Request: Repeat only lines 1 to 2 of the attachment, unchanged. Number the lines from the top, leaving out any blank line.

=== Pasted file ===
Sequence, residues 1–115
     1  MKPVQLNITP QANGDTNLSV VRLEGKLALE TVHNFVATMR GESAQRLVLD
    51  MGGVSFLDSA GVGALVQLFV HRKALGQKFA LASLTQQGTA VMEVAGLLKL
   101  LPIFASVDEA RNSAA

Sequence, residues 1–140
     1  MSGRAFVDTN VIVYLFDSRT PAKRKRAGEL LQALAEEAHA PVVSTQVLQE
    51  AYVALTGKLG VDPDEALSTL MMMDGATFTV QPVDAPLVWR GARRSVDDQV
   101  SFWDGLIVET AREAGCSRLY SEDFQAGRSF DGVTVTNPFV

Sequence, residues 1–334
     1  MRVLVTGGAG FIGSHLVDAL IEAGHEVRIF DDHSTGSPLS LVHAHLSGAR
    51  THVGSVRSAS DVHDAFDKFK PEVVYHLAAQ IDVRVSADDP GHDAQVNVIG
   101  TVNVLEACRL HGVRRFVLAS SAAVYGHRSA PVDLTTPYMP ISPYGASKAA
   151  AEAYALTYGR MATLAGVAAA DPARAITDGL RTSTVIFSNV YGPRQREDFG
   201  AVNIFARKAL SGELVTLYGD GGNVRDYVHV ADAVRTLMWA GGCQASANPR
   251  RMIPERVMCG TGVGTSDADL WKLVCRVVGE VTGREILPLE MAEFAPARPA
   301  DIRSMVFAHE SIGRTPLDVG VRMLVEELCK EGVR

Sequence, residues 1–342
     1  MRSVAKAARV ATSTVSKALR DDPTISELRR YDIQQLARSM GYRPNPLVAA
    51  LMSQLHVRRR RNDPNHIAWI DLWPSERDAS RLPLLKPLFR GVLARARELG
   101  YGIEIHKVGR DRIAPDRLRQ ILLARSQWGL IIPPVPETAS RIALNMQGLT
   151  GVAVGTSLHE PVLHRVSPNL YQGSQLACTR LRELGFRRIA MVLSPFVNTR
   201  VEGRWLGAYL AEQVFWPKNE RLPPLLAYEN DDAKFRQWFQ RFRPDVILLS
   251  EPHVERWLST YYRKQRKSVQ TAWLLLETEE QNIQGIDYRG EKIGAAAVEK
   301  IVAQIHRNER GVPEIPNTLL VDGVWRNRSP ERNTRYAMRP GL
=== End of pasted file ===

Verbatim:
Sequence, residues 1–115
     1  MKPVQLNITP QANGDTNLSV VRLEGKLALE TVHNFVATMR GESAQRLVLD